JJ. Andre. Jorge. They've put together a "Latin" sound all their own, a slinky-violined, smoothly percussioned, poply tropical sound that sets them apart from the rest. And though the world knows them through their two outstanding CDs (the last, Caraluna, got them serious airtime) and tours, only Miami can call them "local." And how much more Miami can you get than this sound made by Jorge Villamizar from Colombia, André Lopes from Brazil, and José Javier Freire from Puerto Rico, who hooked up at the University of Miami. The trio is currently red hot, and we call them the best Latin band.

With the ever-evolving form of rock, it's not a stretch to say a band that combines hard guitar with house beats and rap lyrics falls into this category. This band's not afraid to try that mix of hip-hop and drum and bass and then kick in a few guitar riffs to back it up. The new technology age is here, and this band fits right in. To top it off, the members sing in Miami Spanglish and blend four nationalities, not including their parents'.

Readers Choice: The Voz

They aren't from Miami. They hail from Fort Lauderdale. And they may not be innovative, plying a brand of sleazy garage punk (à la the Queers circa Grow Up) that's been bandied about for years. But it doesn't matter. The Heatseekers have that elusive quality, that totally unquantifiable rock and roll thing that moves audiences and propels their songs along like a drunk in a '57 Chevy, careening between the highway guardrails. They go down like bourbon and make you want to fuck or fight or both. Josh Menendez, garage-rock DJ and the driving force behind the mod-themed weekly party Revolver, says the Heatseekers always get the crowd going. "They have a lot of energy and a great stage presence. Definitely one of the best shows in town."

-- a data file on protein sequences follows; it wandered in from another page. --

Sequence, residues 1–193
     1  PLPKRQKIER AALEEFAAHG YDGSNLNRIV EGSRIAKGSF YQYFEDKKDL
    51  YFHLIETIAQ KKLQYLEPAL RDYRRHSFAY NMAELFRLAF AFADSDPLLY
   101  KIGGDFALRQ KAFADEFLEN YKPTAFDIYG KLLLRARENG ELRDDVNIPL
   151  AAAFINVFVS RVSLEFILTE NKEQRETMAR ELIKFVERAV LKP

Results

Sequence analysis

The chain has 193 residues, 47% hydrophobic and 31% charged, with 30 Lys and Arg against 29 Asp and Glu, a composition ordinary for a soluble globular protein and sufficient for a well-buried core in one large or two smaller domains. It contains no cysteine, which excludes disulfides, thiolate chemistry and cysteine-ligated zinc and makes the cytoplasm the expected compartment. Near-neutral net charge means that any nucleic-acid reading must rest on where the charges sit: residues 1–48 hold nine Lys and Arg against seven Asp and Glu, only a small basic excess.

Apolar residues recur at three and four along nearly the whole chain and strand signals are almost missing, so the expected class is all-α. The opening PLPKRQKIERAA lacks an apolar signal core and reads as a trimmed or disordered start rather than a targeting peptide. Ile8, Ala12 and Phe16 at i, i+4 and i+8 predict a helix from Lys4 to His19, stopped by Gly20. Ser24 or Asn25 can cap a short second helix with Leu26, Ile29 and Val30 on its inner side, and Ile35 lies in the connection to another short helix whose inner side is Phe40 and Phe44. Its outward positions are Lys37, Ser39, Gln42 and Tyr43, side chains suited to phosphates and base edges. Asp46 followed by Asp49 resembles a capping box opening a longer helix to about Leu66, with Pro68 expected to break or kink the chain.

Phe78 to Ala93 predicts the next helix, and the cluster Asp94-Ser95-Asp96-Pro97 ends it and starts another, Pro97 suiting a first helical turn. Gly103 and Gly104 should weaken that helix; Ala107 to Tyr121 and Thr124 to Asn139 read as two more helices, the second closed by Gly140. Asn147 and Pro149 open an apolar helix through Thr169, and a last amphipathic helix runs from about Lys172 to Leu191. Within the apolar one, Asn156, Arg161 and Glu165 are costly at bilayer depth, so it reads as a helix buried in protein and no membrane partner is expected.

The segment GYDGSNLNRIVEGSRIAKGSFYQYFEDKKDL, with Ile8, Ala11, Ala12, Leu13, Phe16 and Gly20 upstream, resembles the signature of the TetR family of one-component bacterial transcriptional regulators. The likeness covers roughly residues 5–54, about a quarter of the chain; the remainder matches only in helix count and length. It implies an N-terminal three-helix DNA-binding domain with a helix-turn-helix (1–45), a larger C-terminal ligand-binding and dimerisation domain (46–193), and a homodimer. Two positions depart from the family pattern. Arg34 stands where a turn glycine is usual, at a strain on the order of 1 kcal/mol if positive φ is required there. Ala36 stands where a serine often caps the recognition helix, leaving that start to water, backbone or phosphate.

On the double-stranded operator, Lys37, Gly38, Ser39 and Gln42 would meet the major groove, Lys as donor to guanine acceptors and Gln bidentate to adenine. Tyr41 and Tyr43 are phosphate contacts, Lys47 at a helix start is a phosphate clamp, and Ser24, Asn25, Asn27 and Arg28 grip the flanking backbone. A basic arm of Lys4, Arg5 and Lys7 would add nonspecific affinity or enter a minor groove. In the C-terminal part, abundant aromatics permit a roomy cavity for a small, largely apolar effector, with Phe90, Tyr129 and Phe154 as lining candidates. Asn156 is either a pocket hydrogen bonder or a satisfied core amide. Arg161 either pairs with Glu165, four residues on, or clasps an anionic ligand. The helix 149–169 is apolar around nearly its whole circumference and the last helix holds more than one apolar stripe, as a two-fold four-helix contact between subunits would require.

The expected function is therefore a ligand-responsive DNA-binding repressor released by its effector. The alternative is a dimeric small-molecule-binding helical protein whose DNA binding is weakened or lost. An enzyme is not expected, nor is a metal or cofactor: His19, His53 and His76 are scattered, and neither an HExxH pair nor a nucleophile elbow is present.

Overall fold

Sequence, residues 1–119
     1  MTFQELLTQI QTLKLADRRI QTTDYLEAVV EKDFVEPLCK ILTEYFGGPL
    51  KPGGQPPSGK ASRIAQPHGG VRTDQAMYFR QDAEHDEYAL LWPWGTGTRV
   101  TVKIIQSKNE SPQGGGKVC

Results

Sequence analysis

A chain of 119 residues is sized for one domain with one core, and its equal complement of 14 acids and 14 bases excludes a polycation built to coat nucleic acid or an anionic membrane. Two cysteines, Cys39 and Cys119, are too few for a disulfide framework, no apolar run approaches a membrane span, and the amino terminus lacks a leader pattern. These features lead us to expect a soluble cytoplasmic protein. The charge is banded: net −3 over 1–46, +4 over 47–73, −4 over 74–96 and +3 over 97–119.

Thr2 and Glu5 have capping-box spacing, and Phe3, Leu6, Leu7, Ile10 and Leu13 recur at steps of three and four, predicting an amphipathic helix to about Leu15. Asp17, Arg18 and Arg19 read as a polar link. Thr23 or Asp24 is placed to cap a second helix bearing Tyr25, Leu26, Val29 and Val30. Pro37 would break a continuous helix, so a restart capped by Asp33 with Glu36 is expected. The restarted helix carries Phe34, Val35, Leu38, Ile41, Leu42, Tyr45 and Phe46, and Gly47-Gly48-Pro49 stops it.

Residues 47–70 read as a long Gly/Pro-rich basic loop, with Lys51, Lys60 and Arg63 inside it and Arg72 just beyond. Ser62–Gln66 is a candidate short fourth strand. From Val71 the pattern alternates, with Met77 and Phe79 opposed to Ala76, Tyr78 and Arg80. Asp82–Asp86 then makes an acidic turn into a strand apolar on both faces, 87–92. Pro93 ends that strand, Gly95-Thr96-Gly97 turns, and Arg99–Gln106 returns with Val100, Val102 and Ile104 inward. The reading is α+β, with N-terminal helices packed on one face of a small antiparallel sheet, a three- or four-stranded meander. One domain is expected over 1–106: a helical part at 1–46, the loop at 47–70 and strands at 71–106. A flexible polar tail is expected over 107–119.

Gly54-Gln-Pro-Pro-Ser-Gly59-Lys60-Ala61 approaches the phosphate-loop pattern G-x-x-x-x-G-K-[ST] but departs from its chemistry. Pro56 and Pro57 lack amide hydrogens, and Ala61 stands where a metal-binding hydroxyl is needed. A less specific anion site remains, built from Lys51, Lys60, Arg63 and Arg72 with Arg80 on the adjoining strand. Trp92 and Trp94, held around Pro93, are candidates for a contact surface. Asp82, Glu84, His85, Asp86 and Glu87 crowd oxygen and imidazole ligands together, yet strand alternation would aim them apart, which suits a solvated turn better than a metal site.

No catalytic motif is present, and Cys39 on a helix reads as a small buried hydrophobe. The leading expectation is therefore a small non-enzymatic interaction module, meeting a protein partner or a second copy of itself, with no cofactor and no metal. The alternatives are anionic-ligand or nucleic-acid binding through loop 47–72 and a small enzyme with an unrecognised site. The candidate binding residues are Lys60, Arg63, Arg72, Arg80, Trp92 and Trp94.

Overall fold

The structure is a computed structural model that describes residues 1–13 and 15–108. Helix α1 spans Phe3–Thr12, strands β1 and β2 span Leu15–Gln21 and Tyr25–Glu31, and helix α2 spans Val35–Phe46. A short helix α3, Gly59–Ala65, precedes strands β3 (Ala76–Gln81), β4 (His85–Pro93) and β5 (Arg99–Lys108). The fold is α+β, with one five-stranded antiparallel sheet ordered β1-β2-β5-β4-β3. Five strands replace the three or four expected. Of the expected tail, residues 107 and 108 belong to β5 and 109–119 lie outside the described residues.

Readers Choice: dear starlet

The recent passing of legendary producer Tom Dowd returned the Hit Factory Criteria to the media spotlight, reminding us all that the North Miami studio was the creative birthing spot for so many seminal albums, from Derek and the Dominos' 1970 Layla and Other Assorted Love Songs to the Bee Gees' 1977 Saturday Night Fever soundtrack to Bob Dylan's 1997 aesthetic return-to-form comeback Time Out of Mind. Yet what often gets overlooked is the appeal of the studio itself. Indeed it wasn't just Dowd's own production techniques that had drawn a musical who's who to work with him here. As important as the sounds being laid down on any session is the equipment being used to capture it -- and this studio's analog-style mixing boards, vintage microphones, and sumptuous wooden acoustics have artists from Christina Aguilera to DMX catching flights into Miami when it comes time to record. Accordingly, studio time at the Hit Factory Criteria is pricey, and a few weeks' worth of work can easily produce a hefty six-figure bill; this isn't the spot to cut your garage band's demo. But if you're on a major-label budget, the dizzyingly infatuated look engineers take on when gabbing about the equipment at hand seems justification enough for running up that tab.